Jatta brings a unique playing style as a player who can be both physical and fluid on the ball. As important as his passing and offensive vision are, Jatta will also be depended on, being the biggest person in the midfield, to stop counters, intercept passes, and add a much-needed physicality to a team full of players who are full after eating a Wendy’s four for four meal. North Texas has a very talented offense with some of the most promising players in the league, and Jatta may be the pivot or their success.

Marco Micaletto, Tormenta FC

If there are two things that are evident in college-level soccer, it’s that The University of Akron players are very good and that Tormenta FC’s League Two team falls into that same category. So, when you have a midfielder who is a product of both, it’s trouble for the rest of the league, trouble named Marco Micaletto. The Italian midfielder has the vision and passing of a number 10 with the finishing of a number 9. Able to pinpoint a ball precisely to where he wants it, this makes him a dangerous player both attacking up the midfield and being able to switch the ball from one side to another when space opens up.

However, it’s the unknown of Marco that makes him the extremely dangerous player and potential engine of Tormenta’s attack. Marco’s dribbling is incredible and allows him to make unpredictable movements that leave defenders ball watching and lost in the dust. With his ability to steal a ball and start a counter in an instant, Marco is incredible at drawing defenders in and allowing tons of space to open up down the sides. Marco is also physically one of the strongest players on the field no matter who he goes up against, so a shoulder and shove are definitely not enough to stop this engine from running.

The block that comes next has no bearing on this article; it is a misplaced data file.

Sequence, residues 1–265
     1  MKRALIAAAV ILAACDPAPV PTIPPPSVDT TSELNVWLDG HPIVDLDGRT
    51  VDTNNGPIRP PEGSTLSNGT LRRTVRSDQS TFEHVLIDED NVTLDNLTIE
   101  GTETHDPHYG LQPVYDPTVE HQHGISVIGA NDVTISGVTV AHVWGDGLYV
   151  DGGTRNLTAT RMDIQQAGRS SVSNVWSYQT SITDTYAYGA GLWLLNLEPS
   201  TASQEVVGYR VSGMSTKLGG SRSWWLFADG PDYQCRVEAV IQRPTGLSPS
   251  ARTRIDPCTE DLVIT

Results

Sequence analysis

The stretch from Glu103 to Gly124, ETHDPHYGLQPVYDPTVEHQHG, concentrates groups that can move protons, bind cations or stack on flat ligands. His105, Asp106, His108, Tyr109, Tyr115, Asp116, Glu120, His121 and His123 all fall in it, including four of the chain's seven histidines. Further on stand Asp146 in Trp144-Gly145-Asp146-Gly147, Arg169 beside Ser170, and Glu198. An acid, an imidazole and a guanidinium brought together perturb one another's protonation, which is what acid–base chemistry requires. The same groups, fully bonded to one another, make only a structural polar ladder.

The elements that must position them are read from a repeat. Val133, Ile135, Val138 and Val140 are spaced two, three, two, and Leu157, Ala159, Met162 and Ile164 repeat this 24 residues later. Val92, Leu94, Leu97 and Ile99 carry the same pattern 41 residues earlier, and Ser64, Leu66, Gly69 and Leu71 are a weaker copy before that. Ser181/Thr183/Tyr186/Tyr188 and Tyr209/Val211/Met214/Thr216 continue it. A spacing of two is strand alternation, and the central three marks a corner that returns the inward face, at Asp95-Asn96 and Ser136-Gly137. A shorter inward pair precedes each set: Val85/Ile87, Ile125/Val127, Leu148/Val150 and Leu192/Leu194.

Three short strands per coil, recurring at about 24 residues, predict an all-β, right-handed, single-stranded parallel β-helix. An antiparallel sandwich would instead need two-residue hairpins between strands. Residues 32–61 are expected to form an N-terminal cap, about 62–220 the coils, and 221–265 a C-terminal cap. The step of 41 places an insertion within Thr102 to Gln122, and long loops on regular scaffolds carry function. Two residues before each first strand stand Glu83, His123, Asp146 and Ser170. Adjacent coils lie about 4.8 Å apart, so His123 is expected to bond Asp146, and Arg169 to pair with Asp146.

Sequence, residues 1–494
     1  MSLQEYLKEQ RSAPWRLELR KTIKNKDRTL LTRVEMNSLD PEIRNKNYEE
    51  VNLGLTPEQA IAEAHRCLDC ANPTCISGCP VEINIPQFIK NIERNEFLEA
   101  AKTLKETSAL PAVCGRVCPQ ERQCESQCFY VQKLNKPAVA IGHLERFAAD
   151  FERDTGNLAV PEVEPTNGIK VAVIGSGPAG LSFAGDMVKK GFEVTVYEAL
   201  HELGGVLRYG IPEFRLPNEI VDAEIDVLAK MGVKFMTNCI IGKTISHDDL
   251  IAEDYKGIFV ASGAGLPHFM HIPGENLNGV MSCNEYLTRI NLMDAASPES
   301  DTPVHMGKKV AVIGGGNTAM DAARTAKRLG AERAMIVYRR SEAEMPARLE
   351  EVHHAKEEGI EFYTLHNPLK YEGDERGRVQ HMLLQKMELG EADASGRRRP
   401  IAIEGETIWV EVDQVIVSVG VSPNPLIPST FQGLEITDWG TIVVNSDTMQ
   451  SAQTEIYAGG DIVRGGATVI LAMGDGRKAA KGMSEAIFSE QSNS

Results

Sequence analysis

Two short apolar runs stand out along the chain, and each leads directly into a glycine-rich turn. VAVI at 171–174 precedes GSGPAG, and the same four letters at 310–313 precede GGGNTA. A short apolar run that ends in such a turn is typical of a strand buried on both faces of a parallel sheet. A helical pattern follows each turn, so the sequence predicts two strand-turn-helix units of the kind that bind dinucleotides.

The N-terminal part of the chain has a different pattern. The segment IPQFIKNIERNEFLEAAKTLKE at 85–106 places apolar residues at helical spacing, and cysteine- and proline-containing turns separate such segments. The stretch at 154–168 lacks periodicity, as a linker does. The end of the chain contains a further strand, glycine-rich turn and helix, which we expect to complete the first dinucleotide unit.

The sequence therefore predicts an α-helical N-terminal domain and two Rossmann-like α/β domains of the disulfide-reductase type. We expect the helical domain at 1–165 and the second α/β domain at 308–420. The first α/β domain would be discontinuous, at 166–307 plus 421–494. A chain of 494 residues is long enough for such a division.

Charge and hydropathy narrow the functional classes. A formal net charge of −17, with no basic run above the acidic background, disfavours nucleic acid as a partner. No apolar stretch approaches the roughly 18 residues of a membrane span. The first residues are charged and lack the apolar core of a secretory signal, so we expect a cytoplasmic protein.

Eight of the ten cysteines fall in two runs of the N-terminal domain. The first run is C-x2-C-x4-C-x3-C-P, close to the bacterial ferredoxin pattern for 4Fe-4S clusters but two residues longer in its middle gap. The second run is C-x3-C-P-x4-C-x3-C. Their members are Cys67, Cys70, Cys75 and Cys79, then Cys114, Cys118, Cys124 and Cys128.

Cameron Saul, Greenville Triumph

While most of the guys mentioned in this article are engines that power their team, some teams have a V8, and Greenville Triumph’s Cameron Saul is definitely a hemi. Already a hometown hero after playing for Asheville City, this midfielder excels the most when he is able to get the ball early and push up the field, bouncing off anyone who tries to overpower him. If you look up clips, you’ll see many plays start with Cameron receiving the ball around midfield (usually on a counter) and putting his head down and picking up steam as he gets closer to the net and draws more defenders. However, the most difficult part for defenders is choosing whether or not to close in, as Saul is easily one of the best midfield shooters in the league, if not the best. So good, there are dedicated corner kicks to allow him to kick a screamer from 25+ yards out. No really, he’s that good!

Cameron’s work rate on the ball is the same off the ball, as he likes to push up and put pressure on defenders as well as tracking back to help defensively and even jump starting a counter. It’s off of these steals that Saul really showcases his full skills of speed, physicality, and vision, utilizing the space to either pass to the wings and hit the box for a chance at a header or to take the open space and let one rip. It’s this work rate no matter where Cameron is that makes him the perfect engine to carry Greenville to the top of the table.